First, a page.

A.M. Wahoo’s: The Difference One Week Makes
Just one week ago, Cleveland Indians fans were waking up after a late night filled with enough ups and downs to last a lifetime.
It has only been a week since the Cleveland Indians began the offseason, but it seems like an eternity.
Last Thursday was a solemn day in Cleveland. The weather went back to its normal dreary ways and fans had to avoid looking at any form of media, unless one wanted to hear about just how excited Cubs fans were.
But a week has passed and while the pain of the loss will live on forever, optimism toward next year is already in full swing. There are some who will live on with the feelings of doom and gloom, declaring 2016 a failure, but those individuals miss the entire purpose of sports.
Baseball, like other sports, are supposed to serve as an escape from everyday life. It is easy to get caught up and make a season seem like the most important thing in the world, but something like Tuesday’s election proves that sports are supposed to be something to go to when the real world gets difficult to live in.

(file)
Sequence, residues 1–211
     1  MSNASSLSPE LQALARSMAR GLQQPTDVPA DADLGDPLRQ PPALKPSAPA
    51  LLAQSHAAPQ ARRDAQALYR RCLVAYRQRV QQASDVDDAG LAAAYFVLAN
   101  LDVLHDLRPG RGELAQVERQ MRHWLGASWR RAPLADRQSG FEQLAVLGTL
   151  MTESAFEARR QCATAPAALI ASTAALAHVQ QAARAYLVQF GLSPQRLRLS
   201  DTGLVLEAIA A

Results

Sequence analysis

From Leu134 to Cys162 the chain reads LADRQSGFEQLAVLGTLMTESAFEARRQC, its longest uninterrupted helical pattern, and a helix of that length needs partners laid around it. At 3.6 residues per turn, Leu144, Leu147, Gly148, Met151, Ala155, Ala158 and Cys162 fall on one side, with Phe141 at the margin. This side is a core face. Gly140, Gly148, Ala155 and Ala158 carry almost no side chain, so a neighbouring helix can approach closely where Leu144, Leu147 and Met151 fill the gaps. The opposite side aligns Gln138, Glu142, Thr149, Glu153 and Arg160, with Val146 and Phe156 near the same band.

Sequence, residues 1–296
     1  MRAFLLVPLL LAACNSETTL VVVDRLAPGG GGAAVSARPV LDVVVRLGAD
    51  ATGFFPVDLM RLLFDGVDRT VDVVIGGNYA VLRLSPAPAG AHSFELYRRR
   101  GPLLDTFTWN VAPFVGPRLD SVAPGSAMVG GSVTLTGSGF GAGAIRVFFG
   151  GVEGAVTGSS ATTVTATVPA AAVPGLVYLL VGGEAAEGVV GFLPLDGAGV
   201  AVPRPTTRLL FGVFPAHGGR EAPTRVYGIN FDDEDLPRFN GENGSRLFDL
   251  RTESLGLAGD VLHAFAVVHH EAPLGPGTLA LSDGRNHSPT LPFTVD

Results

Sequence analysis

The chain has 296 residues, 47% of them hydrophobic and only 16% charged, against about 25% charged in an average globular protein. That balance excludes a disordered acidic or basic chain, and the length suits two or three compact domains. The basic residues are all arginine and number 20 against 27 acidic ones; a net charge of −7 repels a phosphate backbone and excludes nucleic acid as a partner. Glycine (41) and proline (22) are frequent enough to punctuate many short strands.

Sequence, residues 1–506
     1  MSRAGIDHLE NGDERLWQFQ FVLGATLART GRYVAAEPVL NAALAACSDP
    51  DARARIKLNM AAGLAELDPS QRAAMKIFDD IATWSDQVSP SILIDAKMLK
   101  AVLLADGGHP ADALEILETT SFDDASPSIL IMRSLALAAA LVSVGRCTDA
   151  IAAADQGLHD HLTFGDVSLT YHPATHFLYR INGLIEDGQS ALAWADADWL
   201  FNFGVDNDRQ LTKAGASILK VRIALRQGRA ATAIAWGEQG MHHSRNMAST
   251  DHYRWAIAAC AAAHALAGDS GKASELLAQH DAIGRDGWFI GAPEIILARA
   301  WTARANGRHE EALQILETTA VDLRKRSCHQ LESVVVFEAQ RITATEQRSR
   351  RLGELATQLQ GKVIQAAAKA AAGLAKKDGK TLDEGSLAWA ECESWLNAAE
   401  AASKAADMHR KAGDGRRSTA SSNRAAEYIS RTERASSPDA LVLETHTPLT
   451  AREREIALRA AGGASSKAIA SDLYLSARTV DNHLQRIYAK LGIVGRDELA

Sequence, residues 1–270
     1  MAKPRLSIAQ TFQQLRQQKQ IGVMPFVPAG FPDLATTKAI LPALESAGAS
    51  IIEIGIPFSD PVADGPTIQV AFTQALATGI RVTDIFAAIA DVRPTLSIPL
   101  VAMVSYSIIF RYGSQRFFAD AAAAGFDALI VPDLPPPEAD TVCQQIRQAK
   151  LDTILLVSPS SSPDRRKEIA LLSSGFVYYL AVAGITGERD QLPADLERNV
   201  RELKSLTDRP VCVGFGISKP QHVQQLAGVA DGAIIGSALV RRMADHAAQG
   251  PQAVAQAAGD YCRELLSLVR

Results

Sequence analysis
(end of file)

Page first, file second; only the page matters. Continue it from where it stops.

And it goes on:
As time continues to pass, the memories of the 2016 will inspire fans to be that much more excited about 2017. After so many years of mediocrity, a World Series berth is a great stepping stone for future success.
The Kansas City Royals lost in seven games in the 2014 World Series, only to come back and win it all in 2015. Their fans continued to be one of the best fan bases in the league, and the loyalty paid off. Indians fans should follow their lead as this team looks to avenge a painful series loss.
Let’s now take a look at the news surrounding the Indians and the rest of the MLB in today’s edition of A.M. Wahoo’s.
Cleveland Indians News:
The Cleveland Indians have never been a team that is going to go out and buy a championship.
Throughout the playoffs and into the World Series, the national media liked to cling to the “Mike Napoli is the heart and soul of the Cleveland Indians” narrative.
Cleveland Indians’ Francisco Lindor is extremely grateful. The 22-year-old won the American League Gold Glove at shortstop on Tuesday.
Edwin Encarnacion has averaged 39 home runs and 110 RBI over the last five seasons, including 42 home runs and an (tied for) American League-leading 127 RBI this past season, and he’s set to cash in as one of the top hitters on the free agent market this offseason.
It is no secret that the Detroit Tigers first-baseman is good friends with the Astros second baseman Jose Altuve.
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